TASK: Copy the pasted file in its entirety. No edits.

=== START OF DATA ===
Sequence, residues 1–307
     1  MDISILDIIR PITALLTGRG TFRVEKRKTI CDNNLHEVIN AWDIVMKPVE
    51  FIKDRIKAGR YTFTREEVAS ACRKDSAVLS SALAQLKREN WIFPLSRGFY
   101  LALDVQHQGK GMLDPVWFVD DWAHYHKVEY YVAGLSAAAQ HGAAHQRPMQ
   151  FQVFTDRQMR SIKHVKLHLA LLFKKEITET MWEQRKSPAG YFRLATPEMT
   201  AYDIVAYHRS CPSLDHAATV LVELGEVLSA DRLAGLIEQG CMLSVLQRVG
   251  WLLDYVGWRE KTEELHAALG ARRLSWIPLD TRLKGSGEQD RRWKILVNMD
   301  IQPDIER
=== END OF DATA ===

Sequence, residues 1–307
     1  MDISILDIIR PITALLTGRG TFRVEKRKTI CDNNLHEVIN AWDIVMKPVE
    51  FIKDRIKAGR YTFTREEVAS ACRKDSAVLS SALAQLKREN WIFPLSRGFY
   101  LALDVQHQGK GMLDPVWFVD DWAHYHKVEY YVAGLSAAAQ HGAAHQRPMQ
   151  FQVFTDRQMR SIKHVKLHLA LLFKKEITET MWEQRKSPAG YFRLATPEMT
   201  AYDIVAYHRS CPSLDHAATV LVELGEVLSA DRLAGLIEQG CMLSVLQRVG
   251  WLLDYVGWRE KTEELHAALG ARRLSWIPLD TRLKGSGEQD RRWKILVNMD
   301  IQPDIER